In the near future, I will be re-formatting the front page of the Vogelein.com site. As pretty as it is, it's a freaking huge memory hog, and totally disobeys the Programmer's Commandment of "None of thy pages shalt exceed 150K." It's also on a privately-held server, which means that no matter how fat your ingoing pipe is, the poor little Unix beastie who's hosting it can't shove it out any faster. So it's time for a redesign. I promise it'll load much faster once it's up and running again.
So yeah. That's about it for right now. Special thanks to Bill Cavnar, who helped proofread the initial draft, and to Paul Sizer, who helped me get this behemoth ready for press. More info soon, I promise: I'm going to have a full month's downtime while the book's in process, and that will mean more literal and figurative housecleaning time on my end. No rest for the weary!
I have some very good news to report: Thanks to the generosity of my fans, I have now raised enough money to print the first Vögelein Trade Paperback!
In just over a month, you guys helped me raise the money I needed to go to press -- the money I couldn't get from the Xeric -- and made it so I didn't have to take out a credit card or a loan from my already-strapped family.
I can't tell you how much this means to me; how willing the community was to extend a helping hand to an Indie creator. We saw it happen last year with the Hail-Mary ressurection of Top Shelf, but this kind of response is overwhelming. I can't thank you guys enough for all the moral support, as well as the financial.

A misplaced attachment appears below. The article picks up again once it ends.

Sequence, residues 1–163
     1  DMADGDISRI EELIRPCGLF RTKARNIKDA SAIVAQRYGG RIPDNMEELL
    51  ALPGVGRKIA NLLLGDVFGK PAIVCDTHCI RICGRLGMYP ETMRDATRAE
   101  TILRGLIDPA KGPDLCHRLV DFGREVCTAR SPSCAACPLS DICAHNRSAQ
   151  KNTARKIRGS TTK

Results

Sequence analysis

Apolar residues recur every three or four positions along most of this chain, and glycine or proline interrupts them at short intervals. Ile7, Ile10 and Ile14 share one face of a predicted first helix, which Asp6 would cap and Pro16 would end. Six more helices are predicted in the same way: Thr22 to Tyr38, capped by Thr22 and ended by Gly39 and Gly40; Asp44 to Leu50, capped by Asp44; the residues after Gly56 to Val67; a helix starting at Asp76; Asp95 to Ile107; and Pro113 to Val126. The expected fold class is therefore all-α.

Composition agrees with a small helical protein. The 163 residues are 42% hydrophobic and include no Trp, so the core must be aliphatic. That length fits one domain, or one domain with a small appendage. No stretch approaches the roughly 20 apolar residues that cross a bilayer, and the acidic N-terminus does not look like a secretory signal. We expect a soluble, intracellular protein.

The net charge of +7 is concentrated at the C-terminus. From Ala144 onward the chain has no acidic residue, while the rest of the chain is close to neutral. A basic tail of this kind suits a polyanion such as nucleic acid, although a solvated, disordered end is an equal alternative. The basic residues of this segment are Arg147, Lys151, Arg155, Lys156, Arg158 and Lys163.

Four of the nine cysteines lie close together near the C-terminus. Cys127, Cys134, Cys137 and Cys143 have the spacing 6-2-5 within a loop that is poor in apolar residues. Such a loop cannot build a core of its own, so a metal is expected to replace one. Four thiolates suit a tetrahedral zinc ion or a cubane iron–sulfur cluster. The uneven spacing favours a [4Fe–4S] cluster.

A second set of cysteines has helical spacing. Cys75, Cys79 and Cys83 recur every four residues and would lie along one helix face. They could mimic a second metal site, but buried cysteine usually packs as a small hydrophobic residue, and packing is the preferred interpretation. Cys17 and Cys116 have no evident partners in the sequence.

Now that this burden is off my shoulders, I can get back to doing what needs to be done: Getting the book out and in your hands! I'm about 2/3rds of the way through, and the main work will be just compiling the big new Quark Document and writing the endnotes.
It should be soliciting in the August Previews, for shipping to stores in October. It will be available sooner in stores in Michigan, and from my web site. With bonny good luck, I should have them on hand for APE. I won't be taking any more pre-orders after tonight, as I need to ensure that I can get the ones I've already taken out to people in a timely manner.
Thank you all again -- without this community, and all its support, I would never have finished the Vögelein series.